The system had limited, by and large lessened expense by taking care of costs, while stimulating financing time to a period of less than 30 days on standard home loans, by engaging development specialists to enter customer information simply once. Typical information could then be copied to diverse records hence; figures, for instance, credit rates and refund centers could be downloaded similarly. EDGE then printed out completed genuine copies of all chronicles on a laser printer, discarding the prerequisite for preprinted development structures and saving the association $1 million a year (Chomsisengphet, & Pennington-Cross, n.d.).

Countrywide upheld its dedication to this industry by promising to offer $5 billion in House-America kind of credits to the country's two biggest home loan banks, the Federal National Mortgage Association, "Fannie Mae," and the Federal Home Loan Mortgage Corp., "Freddie Mac," both of which were made by Congress to guarantee that moneylenders have a consistent wellspring of cash for home loans. Plans to enter into money market funds, stocks, no-load mutual funds, annuities and in 1996 also contributed to the company's prediction...

...

(Chomsisengphet, & Pennington-Cross, 2006).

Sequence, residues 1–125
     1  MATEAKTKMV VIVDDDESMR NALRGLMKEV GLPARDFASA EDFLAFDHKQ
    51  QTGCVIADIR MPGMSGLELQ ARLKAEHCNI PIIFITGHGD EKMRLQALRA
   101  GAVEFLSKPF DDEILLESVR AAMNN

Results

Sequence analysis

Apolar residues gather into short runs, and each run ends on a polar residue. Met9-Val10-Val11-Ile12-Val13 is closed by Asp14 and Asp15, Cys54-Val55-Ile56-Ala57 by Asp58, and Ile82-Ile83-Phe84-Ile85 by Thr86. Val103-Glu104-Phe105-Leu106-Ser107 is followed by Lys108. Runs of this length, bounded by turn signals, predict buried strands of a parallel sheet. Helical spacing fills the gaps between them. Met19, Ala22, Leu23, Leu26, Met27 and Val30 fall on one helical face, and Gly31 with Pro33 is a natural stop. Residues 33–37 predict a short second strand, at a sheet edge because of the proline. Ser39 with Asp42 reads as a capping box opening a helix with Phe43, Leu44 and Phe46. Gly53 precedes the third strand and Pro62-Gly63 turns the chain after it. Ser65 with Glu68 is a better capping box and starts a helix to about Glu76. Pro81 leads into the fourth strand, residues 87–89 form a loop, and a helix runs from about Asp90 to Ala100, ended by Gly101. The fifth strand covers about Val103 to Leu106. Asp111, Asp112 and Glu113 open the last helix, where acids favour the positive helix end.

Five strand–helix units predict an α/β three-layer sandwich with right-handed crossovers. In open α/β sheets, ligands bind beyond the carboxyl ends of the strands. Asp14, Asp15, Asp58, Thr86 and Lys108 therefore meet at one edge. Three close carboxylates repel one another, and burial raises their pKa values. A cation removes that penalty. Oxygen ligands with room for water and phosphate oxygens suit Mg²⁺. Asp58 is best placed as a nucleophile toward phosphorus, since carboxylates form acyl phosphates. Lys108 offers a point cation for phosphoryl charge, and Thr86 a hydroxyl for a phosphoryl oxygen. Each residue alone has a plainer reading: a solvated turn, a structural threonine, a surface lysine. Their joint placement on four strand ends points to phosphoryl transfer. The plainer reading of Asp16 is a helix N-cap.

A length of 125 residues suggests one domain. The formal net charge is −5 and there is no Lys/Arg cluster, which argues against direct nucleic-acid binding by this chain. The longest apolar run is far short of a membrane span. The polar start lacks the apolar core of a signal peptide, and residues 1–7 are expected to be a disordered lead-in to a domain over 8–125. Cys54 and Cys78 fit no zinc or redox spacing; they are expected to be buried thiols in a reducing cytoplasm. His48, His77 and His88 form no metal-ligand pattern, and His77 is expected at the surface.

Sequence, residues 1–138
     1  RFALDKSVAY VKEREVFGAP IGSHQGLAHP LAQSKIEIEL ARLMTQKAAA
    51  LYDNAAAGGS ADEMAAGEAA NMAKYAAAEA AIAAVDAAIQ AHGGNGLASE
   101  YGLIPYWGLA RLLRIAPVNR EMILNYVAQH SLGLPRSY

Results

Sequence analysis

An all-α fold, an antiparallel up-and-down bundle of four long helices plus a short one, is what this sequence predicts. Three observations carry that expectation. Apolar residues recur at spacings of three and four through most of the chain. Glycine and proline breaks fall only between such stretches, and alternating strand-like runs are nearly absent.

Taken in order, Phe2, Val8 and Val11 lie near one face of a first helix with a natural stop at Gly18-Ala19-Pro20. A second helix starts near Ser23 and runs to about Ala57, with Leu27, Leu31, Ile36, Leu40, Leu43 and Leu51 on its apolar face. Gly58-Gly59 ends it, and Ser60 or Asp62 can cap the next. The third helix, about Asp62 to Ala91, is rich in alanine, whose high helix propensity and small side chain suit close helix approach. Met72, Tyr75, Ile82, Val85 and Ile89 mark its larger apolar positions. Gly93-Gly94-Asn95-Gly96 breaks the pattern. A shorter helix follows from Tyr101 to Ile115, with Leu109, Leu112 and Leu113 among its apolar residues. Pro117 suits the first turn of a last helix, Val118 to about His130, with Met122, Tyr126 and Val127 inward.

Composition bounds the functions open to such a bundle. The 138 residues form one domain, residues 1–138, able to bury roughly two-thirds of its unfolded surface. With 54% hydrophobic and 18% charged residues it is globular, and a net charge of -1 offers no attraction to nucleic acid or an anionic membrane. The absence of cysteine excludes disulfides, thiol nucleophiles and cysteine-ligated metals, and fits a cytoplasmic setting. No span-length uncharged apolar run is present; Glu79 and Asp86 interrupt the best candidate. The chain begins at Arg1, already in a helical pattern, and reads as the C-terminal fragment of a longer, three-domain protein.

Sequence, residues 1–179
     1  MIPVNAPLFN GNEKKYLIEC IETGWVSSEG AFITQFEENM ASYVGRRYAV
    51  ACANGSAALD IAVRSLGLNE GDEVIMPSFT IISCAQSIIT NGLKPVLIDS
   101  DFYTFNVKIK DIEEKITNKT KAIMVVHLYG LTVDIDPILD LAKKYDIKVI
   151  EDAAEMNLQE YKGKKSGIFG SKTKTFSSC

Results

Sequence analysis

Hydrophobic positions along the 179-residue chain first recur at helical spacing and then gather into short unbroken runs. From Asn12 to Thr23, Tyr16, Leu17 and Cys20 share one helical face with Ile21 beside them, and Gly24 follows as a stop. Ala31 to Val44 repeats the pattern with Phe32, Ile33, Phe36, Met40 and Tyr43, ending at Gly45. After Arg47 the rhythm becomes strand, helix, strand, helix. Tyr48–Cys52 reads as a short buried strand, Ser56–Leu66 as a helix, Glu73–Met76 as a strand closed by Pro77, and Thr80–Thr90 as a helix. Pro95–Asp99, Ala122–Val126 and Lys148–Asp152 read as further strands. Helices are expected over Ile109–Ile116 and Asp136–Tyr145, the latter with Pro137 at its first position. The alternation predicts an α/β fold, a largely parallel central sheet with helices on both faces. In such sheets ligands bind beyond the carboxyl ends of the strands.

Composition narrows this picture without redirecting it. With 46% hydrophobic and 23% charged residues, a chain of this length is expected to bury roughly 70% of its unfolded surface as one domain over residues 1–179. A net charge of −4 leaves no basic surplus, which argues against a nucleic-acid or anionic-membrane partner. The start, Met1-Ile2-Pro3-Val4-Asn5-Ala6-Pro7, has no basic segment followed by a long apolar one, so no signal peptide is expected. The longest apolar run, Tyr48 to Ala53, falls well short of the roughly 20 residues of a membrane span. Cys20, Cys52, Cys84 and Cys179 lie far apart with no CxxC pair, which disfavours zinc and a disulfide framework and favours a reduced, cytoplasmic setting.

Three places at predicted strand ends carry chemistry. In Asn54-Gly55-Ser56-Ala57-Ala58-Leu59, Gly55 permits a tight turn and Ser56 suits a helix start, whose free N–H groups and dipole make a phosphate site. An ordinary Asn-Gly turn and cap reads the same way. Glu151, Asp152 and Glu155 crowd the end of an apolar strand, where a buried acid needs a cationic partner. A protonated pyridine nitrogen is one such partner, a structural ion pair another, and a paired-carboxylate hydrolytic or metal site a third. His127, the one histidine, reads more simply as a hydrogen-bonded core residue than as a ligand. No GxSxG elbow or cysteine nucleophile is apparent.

The Transgressions and the transgressors

Without conventional capital requirements on the scale of home loan loaning exercises, Countrywide's exercises extended quickly from 2000 onwards. The main features of the mortgage loans originated by Countrywide during the boom years also changed. The relative decrease in office credits and increment in non-organisational advances was risky from a profitable management point-of-view in light of the fact that the non-organization advance business was less fluid. Very much in contrast to non-office credits, the agency advances must meet certain criteria, for example, most extreme advance to home value proportion, greatest obligation to salary degree, and a certain level of home loan documentation. To expand the capital accessible for home advances, the business sector for office credits is supported by government supported infrastructure by way of norms, and regulations. This manifested in decrease in credit quality of Countrywide mortgage activity. This actually added a huge risk factor and contained within it a likely cause for downslide of the organization (Freeman, Wells, & Wyatt, 2013)

This possibility of increasing danger being taken by Countrywide was possibly understood in the financial media sector as possibly early as 2004, when Countrywide was recognized as a forceful loan specialist in the more hazardous domains of the home loan market, and the media expressed worries about the helplessness of Countrywide to provide the much needed strength to the U.S. home-loan market. Thus came into being first major alteration that Countrywide undertook . Countrywide had entered into riskier domains of initializing mortgages and subsequently securitization. Although, this possibly, was the main cause of the shipwreck. The second major and consequent (to the first) was that the financial statements did not explicitly state the risk the company was exposed to. Lastly, it was apparent that the CEO of the company was privy to information that he should have divulged, ad he failed at that. (Tam, Q, 2012).

It was also noted that the Equal Credit opportunity Act (ECOA) was also violated by Countrywide. ("USDOJ: U.S. Attorney's Office - Central District of California,")